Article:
Blackberry Trail damage less severe
KILLEN – Iconic Turtle Point Yacht and Country Club sustained major tree damage late Friday night and Saturday morning when a line of severe thunderstorms lashed Northwest Alabama.
A partial survey of the damage at Turtle Point, consistently ranked among the top 5 or 10 courses in Alabama, revealed more than 100 trees uprooted and littered across the property.
Another area course, Blackberry Trail Golf Course, sustained less severe damage.
The storms that left much of the Florence/Muscle Shoals and surrounding without power and killed one man in nearby Morgan County came from a system that devastated towns in Mississippi and left at least 26 dead.
No injuries were reported in the Florence/Muscle Shoals area, but dozens of homes sustained damage either from falling trees or the high winds. The National Weather Service had not issued a statement on whether the damage was from straight-line winds or tornadoes.
Debris strewn across Turtle Point
Several holes at Turtle Point, a Robert Trent Jones Sr.-designed course that opened in 1961 alongside the Tennessee River, were unrecognizable as tree trunks, limbs, branches and pine cones littered the rough, fairways and bunkers.
Efforts to reach a club spokesman were unsuccessful Saturday. The club was going to be closed Sunday and is always closed on Mondays, but it appeared from the damage that it will take longer than that to get the course playable.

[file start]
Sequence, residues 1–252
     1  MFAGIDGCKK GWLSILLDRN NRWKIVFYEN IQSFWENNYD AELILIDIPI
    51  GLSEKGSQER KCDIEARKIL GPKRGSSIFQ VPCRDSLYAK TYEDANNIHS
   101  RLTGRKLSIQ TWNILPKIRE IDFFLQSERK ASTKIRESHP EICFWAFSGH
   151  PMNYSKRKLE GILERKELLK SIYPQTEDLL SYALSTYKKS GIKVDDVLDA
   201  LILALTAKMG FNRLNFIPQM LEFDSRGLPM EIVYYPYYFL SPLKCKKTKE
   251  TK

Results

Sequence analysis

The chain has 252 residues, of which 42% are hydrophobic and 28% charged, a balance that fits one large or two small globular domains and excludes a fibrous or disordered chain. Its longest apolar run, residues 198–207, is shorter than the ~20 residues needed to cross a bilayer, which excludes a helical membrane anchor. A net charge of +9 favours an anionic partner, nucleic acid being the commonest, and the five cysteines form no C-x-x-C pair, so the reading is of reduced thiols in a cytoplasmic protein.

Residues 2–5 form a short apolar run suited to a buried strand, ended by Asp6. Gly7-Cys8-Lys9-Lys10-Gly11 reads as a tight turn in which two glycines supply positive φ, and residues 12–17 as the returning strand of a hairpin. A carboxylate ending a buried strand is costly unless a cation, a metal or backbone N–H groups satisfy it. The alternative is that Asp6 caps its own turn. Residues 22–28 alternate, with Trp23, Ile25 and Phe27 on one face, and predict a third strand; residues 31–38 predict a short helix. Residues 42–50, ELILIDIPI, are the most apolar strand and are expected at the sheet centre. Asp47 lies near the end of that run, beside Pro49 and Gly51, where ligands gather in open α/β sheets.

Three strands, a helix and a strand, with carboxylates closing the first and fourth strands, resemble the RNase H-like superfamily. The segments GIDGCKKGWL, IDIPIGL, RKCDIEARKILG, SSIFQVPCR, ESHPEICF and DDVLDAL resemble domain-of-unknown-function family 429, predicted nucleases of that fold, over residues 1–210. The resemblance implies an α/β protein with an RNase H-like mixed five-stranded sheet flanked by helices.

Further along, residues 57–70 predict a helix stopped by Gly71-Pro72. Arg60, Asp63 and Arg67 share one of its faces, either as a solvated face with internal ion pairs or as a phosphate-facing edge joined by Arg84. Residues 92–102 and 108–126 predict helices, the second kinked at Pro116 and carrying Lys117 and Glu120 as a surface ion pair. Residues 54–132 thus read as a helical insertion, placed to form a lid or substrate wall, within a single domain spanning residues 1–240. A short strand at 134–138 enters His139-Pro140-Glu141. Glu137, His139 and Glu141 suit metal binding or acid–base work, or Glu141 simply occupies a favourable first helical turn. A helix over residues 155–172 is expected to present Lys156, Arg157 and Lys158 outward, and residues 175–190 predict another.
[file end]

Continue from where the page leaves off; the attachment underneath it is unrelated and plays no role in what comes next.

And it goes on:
A short tour of a portion of the course revealed Nos. 1, 3, 11 and 17 bore the brunt of the storm. The first hole is a dogleg right to an elevated green with trees on both sides of the fairway. Tall pine trees lining the right side separate the hole from the practice range were ravaged, as were trees protecting the left side of the fairway.
The driveway leading to the club resembles Augusta National’s in that it is lined with a canopy of pine trees. Nos. 3 and 8 run adjacent to the road with the pines providing a buffer. Many of those trees were toppled by the storm.
Two baby eagles killed in storm
No. 11 is a par 5 that doglegs to the right. About 200 yards from the tee box to the where it doglegs was strewn with trees and debris. So was No. 17, an adjacent par 5 that features a small pond in front of the green. The cart path from No. 17 green to No. 18 tee was impassible.
Two sources confirmed that two baby eagles were killed in the storm.
Late Saturday afternoon, workers were busy transferring perishable goods from the clubhouse to refrigerated trucks.
At Blackberry Trail, several homes in the Plantation Springs subdivision sustained major damage. Most of the damaged homes were along Nos. 6, 14 and 15. The course will be closed Sunday and possibly Monday, but damage to the course was less severe than at Turtle Point.
The late-night storms were just the latest setback for golf courses across the state in what has been a cool, rainy winter and spring. In late January. Selma Country Club sustained major damage from a direct hit by a tornado. Less than a month ago, courses across the northern tier of the state were damaged by straight-line winds that reached upwards of 70 miles per hour.
Gregg Dewalt is the editor of Alabama Golf News
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Featured image: A sign blown down by winds at Turtle Point. ll photos by Gregg Dewalt